The market for flushable wipes continues to grow, fueled by consumers’ need for convenience and cleanliness, in markets ranging from moist toilet tissue to feminine hygiene to adult incontinence to toddler care. According to research conducted ty U.K.-based Smithers Apex, the global market for flushable wipes is 55,000 tons or $1.4 billion.
In recent years, this market has undergone a transformation as problems with sewage systems—although not necessarily caused by wipes—have painted a negative picture of wipes. To combat this industry stakeholders, led by INDA, the North American nonwovens trade association and EDANA, the European Disposables and Nonwovens Association, have established testing criteria to certify products as flushable. Wipes now need to pass third-party testing that proves a product will disperse during the flushing process before it can be marked as flushable. These efforts have stepped up research and development efforts among nonwovens makers and wipes manufacturers.
“Our suppliers are progressive in their outlook on the flushable market and are constantly evolving their technology to improve dispersibility,” says Donna Rippin, category director for personal care marketing at Sheboygan, WI-based Rockline Industries. “Both Rockline and our substrate suppliers share a common interest in protection of the environment and constantly strive for greater sustainability—this drives flushability technology to achieve higher levels of dispersibility. In addition, consumers grow ever more savvy about the impact of consumable products on our planet.”
These efforts have changed the composition of many flushable wipes. Earlier generations of products deemed flushable, like moist toilet tissue, were determined to be flushable because of their size and ability to pass through a septic system but newer generations, subject to testing, have to be truly dispersible based on their composition.
“I think we will see some products disappear from the store shelves,” says Tobias Schäfer of machinery supplier Andritz. “A lot of products will not be able to pass the criteria needed to be labeled flushable according to the latest EDANA/INDA guidelines.”
Nonwovens made with wetlaid/hydroentangled process (wetlace) are leading the way in the development of flushable wet wipes, in particular moist toilet tissue. Andritz technology uses a blend of fibers, always containing pulp plus short cut staple fibers that are about a quarter the length of fibers used in standard spunlace. These shorter fibers offer stability but still disentangle during flush. While pulp does not offer any dimensional stability it adds other attributes like absorbency and biodegradability.
Pulp is added to the wetlace product in varying percentages depending on the needs of the final wipe product. “There is more pulp in flushable wipes, but the problem is pulp offers no wet strength at all,” Schäfer says. “If you compare a standard spunlace with the flushable product, spunlace is normally not flushable but it has the advantages of a good textile appearance, bulkiness and strength. The longer fibers entangle usually better but the product will not breakdown.”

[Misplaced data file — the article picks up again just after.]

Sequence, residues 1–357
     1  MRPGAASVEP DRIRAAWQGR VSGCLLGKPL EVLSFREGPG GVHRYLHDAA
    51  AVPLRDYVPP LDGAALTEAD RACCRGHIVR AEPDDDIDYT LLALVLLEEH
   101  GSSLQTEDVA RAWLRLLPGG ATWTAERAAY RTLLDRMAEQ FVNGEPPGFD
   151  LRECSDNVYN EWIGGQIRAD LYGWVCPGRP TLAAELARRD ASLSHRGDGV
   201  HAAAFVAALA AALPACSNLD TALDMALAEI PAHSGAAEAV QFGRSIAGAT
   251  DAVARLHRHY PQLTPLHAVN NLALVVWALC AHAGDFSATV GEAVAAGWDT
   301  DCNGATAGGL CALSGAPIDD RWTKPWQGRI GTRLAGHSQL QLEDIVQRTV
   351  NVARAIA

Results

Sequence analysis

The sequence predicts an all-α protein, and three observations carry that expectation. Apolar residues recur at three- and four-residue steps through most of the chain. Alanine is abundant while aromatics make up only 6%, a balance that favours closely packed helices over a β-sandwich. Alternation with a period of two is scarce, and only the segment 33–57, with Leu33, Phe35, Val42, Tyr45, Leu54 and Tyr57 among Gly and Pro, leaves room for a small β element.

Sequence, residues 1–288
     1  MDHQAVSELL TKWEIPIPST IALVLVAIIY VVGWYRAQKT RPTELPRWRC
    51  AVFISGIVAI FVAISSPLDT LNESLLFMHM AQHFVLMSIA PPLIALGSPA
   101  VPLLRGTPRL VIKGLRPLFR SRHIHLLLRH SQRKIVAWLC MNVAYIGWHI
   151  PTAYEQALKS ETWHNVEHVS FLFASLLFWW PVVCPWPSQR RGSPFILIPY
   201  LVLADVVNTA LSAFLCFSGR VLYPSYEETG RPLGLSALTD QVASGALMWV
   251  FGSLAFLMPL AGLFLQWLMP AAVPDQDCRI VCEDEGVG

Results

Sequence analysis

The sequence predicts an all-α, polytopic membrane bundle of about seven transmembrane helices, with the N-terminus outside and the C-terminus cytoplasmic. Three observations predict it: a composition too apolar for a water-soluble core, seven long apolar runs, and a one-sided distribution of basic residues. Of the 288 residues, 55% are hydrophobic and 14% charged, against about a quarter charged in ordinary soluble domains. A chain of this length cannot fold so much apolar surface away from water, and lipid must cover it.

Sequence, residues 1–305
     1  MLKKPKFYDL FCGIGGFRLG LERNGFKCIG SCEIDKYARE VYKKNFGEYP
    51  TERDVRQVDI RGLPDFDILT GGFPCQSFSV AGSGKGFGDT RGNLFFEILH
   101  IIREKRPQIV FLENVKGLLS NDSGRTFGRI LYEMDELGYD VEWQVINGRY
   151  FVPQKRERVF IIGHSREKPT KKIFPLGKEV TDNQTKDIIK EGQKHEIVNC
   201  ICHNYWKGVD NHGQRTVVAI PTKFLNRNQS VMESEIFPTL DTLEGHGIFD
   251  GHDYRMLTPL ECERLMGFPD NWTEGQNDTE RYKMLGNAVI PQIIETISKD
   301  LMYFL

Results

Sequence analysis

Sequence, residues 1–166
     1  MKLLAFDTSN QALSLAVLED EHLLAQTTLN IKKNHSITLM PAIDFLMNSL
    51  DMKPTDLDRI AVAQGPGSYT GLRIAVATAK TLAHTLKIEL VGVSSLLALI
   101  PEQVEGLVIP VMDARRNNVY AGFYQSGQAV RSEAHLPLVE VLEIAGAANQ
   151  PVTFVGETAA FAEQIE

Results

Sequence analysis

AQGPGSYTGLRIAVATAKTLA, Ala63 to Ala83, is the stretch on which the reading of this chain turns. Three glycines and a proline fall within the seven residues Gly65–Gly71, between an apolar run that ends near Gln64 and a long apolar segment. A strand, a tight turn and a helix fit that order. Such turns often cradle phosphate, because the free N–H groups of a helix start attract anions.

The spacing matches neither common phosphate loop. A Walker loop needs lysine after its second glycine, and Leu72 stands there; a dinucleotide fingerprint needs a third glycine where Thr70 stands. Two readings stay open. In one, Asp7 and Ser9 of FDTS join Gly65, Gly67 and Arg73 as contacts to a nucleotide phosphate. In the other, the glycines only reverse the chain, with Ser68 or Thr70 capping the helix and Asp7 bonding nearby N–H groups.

Kimberly-Clark’s airlaid pulp/binder technology, which is used by its external businesses, Suominen’s Hyrdraspun made through a wetlaid-spunlace-thermal bonding products, and Georgia-Pacific/Buckeye’s Airspun non-triggered airlaid nonwovens are the three main substrates used within the wipes market but more technologies are emerging as interest in flushability is expanding.
Last year, Trützschler, a maker of hydrotentanglement lines, and paper specialist Voith Paper developed a wet-in-wet process similar to the Ahlstrom/Suominen approach but without the use of bicomponent fibers for the flushable wipes market. “By carefully choosing raw materials and machine settings, we succeeded in producing nonwoven materials with the desired wet strength,” says Jutta Stehr, marketing manager, Trützchler. “So the unfinished nonwoven only contains fibers. Moreover, these fibers are 100% biodegradable. A high percentage of pulp delivers disintegration, the small amount of regenerated wood cellulosic fibers ensures the wet strength. Our product is the first material which disintegrates in water, is 100% biodegradable, uses low/moderately priced raw materials, has the required wet strength and is drapable and soft.”
From a machinery standpoint, the process relies on Voith’s HydroFormer for web formation and the Trützschler Nonwovens’ AquaJet for web bonding.
In late 2013, the companies announced the technology had passed INDA/EDANA flushability which will help it penetrate the flushable wipes category. Passing these standards prove to the industry that this product is safe to flush.